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Source: World Food Programme (WFP)
23 April 2004


Olive-oil farmers find new market through USAID-sponsored project

More than 1,800 West Bank farmers who were unable to sell their olive oil due to movement restrictions and closures have found a new buyer in the United Nations World Food Programme (WFP). In April, the group used $1 million donated by the United States Agency for International Development (USAID) to purchase 302 metric tons of the oil. In turn, WFP donated the product to needy families in Gaza and the southern West Bank.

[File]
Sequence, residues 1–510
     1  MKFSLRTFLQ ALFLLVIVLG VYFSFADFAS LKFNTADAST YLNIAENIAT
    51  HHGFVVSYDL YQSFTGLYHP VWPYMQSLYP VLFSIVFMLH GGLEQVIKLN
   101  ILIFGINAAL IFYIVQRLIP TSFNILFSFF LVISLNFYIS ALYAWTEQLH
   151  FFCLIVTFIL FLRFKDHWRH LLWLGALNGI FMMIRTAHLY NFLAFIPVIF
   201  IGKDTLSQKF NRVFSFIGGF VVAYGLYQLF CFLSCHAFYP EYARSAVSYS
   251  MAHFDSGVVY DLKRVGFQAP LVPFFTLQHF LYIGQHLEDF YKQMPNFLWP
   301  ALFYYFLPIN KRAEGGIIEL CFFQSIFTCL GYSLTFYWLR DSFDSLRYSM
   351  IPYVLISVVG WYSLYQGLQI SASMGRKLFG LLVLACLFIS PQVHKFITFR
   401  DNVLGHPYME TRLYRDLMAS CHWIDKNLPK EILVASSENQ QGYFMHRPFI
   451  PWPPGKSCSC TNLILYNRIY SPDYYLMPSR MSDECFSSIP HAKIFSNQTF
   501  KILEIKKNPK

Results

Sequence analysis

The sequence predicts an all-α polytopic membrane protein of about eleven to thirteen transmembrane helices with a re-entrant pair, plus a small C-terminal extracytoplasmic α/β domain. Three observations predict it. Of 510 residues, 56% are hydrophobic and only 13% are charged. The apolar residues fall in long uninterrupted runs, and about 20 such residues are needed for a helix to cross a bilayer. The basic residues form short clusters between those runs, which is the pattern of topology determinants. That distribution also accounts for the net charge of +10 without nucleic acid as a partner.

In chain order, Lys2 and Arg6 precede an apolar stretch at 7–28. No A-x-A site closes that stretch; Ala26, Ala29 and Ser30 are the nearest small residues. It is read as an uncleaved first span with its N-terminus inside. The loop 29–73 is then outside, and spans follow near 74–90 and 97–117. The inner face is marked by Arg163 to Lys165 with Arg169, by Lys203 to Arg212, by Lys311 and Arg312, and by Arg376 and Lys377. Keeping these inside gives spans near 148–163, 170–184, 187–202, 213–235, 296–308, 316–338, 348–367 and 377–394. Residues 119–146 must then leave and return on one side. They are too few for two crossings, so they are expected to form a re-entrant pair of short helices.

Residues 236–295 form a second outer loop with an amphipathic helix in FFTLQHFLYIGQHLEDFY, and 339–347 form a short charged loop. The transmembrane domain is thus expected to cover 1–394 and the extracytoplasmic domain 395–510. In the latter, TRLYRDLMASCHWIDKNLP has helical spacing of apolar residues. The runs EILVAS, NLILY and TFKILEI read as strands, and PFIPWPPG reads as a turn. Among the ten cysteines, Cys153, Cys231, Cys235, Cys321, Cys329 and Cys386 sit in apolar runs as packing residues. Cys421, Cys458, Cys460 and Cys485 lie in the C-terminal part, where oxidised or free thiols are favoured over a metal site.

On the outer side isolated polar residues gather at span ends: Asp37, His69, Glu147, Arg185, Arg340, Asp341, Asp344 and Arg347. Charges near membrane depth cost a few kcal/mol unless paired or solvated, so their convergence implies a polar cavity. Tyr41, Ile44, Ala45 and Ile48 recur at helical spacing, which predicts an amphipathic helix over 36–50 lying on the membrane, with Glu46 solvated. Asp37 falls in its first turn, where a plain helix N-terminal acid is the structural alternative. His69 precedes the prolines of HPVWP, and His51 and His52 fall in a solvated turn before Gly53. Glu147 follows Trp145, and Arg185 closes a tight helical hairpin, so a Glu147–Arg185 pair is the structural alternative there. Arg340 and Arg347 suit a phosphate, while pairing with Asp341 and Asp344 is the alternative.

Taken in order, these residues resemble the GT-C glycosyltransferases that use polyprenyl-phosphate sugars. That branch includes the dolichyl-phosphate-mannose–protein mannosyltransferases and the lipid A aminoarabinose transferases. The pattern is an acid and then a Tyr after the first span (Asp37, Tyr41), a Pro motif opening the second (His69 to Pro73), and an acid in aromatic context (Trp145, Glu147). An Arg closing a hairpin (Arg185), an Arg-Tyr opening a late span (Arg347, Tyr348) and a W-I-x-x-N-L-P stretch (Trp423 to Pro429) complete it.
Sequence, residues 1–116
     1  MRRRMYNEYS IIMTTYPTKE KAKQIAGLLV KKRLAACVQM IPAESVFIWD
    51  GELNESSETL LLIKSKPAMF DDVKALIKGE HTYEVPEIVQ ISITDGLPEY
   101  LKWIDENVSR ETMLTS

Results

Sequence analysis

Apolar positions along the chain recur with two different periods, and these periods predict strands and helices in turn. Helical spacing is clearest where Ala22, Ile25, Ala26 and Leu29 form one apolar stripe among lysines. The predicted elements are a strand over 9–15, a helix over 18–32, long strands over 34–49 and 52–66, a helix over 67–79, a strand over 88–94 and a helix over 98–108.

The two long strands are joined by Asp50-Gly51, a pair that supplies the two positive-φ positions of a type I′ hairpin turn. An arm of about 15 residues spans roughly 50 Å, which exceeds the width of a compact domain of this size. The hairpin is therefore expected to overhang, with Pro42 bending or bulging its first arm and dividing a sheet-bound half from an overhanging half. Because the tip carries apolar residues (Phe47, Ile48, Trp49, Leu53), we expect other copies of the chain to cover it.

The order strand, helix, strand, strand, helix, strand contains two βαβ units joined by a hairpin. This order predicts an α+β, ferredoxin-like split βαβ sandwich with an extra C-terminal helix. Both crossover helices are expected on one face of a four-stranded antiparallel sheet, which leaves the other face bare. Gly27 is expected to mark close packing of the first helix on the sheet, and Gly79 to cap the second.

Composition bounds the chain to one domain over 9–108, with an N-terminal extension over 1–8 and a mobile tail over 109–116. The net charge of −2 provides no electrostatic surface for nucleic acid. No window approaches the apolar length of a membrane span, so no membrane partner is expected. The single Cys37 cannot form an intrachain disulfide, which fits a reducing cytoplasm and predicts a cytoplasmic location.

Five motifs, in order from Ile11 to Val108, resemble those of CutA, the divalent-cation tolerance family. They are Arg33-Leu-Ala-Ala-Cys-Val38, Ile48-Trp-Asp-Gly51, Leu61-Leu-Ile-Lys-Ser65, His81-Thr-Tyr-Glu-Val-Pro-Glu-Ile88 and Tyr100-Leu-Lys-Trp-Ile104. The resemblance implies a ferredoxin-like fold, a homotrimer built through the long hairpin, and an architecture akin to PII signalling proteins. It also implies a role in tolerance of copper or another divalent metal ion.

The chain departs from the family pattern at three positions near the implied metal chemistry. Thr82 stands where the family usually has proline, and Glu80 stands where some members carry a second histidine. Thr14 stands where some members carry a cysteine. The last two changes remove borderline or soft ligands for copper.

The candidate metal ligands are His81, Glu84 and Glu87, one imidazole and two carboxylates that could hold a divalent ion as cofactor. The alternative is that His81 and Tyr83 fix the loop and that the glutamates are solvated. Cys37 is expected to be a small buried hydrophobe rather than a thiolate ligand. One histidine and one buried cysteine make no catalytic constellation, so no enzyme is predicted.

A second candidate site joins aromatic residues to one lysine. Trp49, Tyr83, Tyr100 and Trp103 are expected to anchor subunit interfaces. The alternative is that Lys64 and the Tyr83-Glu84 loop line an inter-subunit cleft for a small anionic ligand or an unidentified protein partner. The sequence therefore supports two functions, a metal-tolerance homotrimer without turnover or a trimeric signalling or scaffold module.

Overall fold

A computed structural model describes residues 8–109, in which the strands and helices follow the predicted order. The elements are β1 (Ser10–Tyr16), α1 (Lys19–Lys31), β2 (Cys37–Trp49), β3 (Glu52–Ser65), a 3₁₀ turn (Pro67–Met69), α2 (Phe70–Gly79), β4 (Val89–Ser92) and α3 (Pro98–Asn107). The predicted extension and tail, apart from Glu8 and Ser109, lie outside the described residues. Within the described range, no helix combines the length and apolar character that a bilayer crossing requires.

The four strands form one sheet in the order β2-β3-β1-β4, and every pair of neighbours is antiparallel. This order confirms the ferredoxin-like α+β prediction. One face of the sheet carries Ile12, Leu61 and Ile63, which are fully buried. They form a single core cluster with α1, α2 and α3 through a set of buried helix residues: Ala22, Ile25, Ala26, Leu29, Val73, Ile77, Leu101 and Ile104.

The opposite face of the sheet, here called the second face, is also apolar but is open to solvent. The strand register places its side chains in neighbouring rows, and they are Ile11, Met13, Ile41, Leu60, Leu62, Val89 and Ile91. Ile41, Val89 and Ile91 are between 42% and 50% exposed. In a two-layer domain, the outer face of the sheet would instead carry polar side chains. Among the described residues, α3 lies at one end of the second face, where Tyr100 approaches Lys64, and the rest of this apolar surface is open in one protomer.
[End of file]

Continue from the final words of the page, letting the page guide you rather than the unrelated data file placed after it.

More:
Working with the Ministry of Agriculture, WFP selected farmers from Nablus, Jenin, Tulkarm, Salfeet and Qalqilya who had large families and lived under the poverty line of 25 Israeli shekels a day (about $5.50). Farmers were required to submit their olive oil for quality tests before WFP purchased it. Each farmer received 2,080 shekels ($458) for 160 kilograms of oil, or about 40 gallons.

During a recent site visit, USAID representatives met several Nablus farmers who had sold their olive oil to WFP. Thanking USAID for its support, the farmers related that the tight closures and curfews in and around Nablus and the poor economic situation had wiped out their regular markets for oil.

USAID administers the U.S. foreign assistance program, which gives economic and humanitarian aid to more than 100 countries worldwide. Since 1993, USAID has provided more than $1.3 billion in assistance to Palestinians living in the West Bank and Gaza.


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